Self-Employment Tax: Everything You Need to Know
You are subject to self-employment tax if you're a freelancer, own your own business, or are an independent contractor.10 min read
2. Why is Self-Employment Tax Important?
3. Self-Employment Tax Based on Your Entity
4. How Do I Report Self-Employment Tax?
5. How Can I Lessen the Blow and Prepare Myself for Self-Employment Tax?
6. Self-Employment Tax Example
7. Why Am I Considered Self-Employed and Not an Employee?
8. Employee Taxes vs. Self-Employment Taxes
9. Hobby vs. Self Employment
10. Questions About Self-Employment Tax
What is Self-Employment Tax?
You are subject to a self-employment tax if you're a freelancer, own your own business, or are an independent contractor. This is the self-employed version of Social Security and Medicare taxes paid by employees and employers. Starting in 2016, you might have to pay 15.3 percent of your income to the Internal Revenue Service.
Why is Self-Employment Tax Important?
It's important for self-employed persons to know how much self-employment tax — also known as the Self-Employment Contributions Act (SECA) tax — they owe.
As an employee, you pay 6.2 percent in taxes for Social Security and 1.45 percent for Medicare. This is known as the Federal Insurance Contributions Act (FICA). Your employer pays the same amount of 7.65 percent for a total of 15.3 percent. Because you are both the employer and employee, you're subject to these taxes. This totals 12.4 percent for Social Security and 2.9 percent for Medicare.
Earned income up to $118,500 is taxable, and all your earned income is subject to Medicare taxes. If you run a business on the side along with a full-time job, you're still only taxed on $118,500 of your earnings for Social Security tax. If you made more than $200,000 filing single status, $250,000 married and filing jointly, or $125,000 married and filing separately, you owe an extra 0.9 percent Medicare tax. This is only on the amount above these thresholds.
You might pay self-employment tax if you earn:
- Income from a home-based business
- Untaxed income
- Income from freelance work
- Income from work as an independent contractor
- Income from an owned business, unless you've deducted payroll taxes
Depending on your earnings, you could owe upwards of 16.2 percent of your income.
Self-Employment Tax Based on Your Entity
Before you calculate and file your self-employment tax, note that different business entities have different tax rules.
- If you are a sole proprietor, income and expenses should go on your Schedule C. You're responsible for paying self-employment tax for Social Security and Medicare.
- If you are a partnership, the business doesn't pay income tax. Instead, you file an information return such as Form W-2, Wage and Tax Statement. Then use a Form 1041 (Schedule K-1) to report partnership income to the IRS.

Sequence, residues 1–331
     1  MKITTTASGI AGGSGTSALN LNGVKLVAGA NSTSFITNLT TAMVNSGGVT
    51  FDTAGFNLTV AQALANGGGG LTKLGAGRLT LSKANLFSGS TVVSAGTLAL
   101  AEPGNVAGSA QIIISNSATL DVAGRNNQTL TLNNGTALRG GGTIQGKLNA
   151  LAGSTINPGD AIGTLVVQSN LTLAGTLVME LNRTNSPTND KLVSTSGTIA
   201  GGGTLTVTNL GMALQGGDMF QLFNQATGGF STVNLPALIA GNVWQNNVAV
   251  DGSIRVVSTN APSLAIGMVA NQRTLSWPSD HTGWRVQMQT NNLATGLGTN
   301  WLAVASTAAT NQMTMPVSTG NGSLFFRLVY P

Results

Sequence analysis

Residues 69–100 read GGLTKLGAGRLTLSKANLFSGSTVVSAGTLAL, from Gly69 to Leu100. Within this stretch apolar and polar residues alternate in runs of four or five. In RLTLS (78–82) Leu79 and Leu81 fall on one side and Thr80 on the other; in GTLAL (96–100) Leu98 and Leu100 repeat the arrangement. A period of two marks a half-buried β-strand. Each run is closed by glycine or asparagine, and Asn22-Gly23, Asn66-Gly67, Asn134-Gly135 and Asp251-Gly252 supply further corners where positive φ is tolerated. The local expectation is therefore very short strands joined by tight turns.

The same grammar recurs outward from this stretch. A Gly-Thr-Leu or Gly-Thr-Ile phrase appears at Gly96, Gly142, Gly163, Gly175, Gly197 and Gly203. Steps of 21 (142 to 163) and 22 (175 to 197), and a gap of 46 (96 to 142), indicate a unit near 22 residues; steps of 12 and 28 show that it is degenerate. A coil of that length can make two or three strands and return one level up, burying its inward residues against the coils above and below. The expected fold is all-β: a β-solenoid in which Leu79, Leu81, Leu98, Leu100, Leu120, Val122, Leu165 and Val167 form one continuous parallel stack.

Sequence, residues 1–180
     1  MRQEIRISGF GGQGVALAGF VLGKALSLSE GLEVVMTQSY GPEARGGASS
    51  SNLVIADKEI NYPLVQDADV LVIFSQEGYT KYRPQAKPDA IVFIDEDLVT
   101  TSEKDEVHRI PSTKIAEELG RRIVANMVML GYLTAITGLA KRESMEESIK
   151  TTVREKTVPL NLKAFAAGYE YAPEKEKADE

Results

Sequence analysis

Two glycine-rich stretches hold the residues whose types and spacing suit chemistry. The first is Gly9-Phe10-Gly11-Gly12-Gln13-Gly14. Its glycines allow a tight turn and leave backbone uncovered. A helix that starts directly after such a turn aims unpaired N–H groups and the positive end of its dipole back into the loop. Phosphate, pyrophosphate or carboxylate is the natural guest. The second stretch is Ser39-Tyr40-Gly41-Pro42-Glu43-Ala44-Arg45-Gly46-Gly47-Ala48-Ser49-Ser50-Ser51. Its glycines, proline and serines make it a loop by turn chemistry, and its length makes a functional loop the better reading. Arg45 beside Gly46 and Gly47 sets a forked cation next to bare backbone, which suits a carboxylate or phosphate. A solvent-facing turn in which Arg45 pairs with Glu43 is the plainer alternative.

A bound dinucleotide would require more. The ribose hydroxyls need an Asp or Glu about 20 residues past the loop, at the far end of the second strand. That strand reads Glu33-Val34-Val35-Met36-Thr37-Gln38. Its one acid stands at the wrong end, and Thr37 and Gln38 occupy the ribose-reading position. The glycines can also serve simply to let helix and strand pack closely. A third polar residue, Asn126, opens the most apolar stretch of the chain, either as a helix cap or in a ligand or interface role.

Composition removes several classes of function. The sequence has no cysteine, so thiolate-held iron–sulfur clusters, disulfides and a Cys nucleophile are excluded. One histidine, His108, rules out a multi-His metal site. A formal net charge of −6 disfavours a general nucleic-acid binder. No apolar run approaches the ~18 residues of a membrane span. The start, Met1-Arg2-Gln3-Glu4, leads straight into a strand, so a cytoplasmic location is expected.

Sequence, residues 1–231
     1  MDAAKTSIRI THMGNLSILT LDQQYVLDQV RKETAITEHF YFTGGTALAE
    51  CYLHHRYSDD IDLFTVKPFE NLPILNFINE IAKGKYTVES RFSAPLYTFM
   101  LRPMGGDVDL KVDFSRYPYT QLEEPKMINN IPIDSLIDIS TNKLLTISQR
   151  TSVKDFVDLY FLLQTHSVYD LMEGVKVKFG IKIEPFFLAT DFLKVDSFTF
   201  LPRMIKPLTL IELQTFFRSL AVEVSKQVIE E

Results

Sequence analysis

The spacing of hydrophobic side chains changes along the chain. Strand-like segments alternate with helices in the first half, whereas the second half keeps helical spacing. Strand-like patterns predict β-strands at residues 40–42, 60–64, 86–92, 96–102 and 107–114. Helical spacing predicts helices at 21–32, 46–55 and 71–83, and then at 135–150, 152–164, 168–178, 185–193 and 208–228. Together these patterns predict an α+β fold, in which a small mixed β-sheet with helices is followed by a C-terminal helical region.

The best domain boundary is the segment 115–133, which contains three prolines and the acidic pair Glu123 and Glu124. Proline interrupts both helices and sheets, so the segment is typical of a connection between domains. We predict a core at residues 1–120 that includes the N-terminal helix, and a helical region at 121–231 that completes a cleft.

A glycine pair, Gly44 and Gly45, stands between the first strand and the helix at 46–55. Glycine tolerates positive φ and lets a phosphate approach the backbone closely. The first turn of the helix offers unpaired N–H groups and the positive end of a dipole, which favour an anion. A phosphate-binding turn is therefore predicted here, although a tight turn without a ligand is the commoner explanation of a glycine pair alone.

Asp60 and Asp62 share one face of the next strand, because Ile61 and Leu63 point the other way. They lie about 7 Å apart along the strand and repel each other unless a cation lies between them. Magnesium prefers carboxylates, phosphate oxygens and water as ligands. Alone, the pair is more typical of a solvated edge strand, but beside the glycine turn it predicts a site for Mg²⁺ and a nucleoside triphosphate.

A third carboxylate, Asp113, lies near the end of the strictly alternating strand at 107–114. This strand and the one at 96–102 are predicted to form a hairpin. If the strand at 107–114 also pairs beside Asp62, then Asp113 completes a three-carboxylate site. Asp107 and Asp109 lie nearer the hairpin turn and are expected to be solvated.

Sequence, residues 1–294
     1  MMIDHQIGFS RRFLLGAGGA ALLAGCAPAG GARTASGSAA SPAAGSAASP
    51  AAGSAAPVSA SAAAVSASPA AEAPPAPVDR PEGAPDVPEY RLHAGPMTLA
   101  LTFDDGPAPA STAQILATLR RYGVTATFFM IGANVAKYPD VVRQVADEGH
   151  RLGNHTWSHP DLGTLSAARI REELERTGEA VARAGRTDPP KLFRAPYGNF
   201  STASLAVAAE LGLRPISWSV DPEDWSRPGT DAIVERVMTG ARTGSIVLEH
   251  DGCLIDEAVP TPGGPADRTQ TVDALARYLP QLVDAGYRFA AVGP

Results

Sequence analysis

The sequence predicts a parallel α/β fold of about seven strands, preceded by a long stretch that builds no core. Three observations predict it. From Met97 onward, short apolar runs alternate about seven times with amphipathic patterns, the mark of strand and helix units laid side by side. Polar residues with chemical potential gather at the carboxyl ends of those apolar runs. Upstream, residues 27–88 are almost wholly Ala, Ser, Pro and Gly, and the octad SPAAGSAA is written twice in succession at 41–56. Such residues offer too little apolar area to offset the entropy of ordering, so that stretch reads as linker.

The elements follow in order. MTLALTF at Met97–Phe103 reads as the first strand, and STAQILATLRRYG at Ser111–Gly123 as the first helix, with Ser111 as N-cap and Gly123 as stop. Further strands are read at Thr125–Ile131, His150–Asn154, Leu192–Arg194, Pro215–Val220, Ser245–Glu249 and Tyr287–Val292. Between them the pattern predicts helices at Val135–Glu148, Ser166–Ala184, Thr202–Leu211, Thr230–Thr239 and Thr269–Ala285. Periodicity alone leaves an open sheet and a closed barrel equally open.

- Limited Liability Corporation (LLC)
- Filing as a C Corporation for small business is rare. However, it provides great tax benefits. Unlike a partnership or sole proprietorship, a C Corporation is taxed as a separate entity from its owners. Profits are taxed at a corporate level but can apply for many special deductions. Tax also applies to shareholder distributions.
- Taxes for S Corporations are similar to personal income tax. Like a C Corporation, they can set a salary and withhold payroll taxes at the end of the year. You might receive a W-2 at the end of the year that shows your income from an S Corporation.
- An advantage of an S Corporation is that owners can receive a salary. Taking too low of a salary, however, might cause serious tax problems, as wages are the only income the IRS can add to a payroll tax.
How Do I Report Self-Employment Tax?
If you haven't incorporated and you aren't listed as a sole proprietor, filing a self-employment tax is straightforward. You record your business operations on a Schedule C and file it with a Form 1040, U.S. Individual Income Tax Return. Then, you calculate your self-employment tax using a Schedule SE. This sets your income tax apart from self-employment tax.
When figuring your self-employment tax, you can cut your self-employment income by half of the self-employment tax rate. You can also claim half of what you pay in self-employment tax as a deduction in income tax.
How Can I Lessen the Blow and Prepare Myself for Self-Employment Tax?
Paying a giant lump sum at the end of the fiscal year is a blow to anyone's bank account. However, there are ways to reduce this amount for your small business.
- Use 50 percent to 57 percent of the self-employment tax you pay as a deduction from the taxable income on your 1040.
Make Quarterly Payments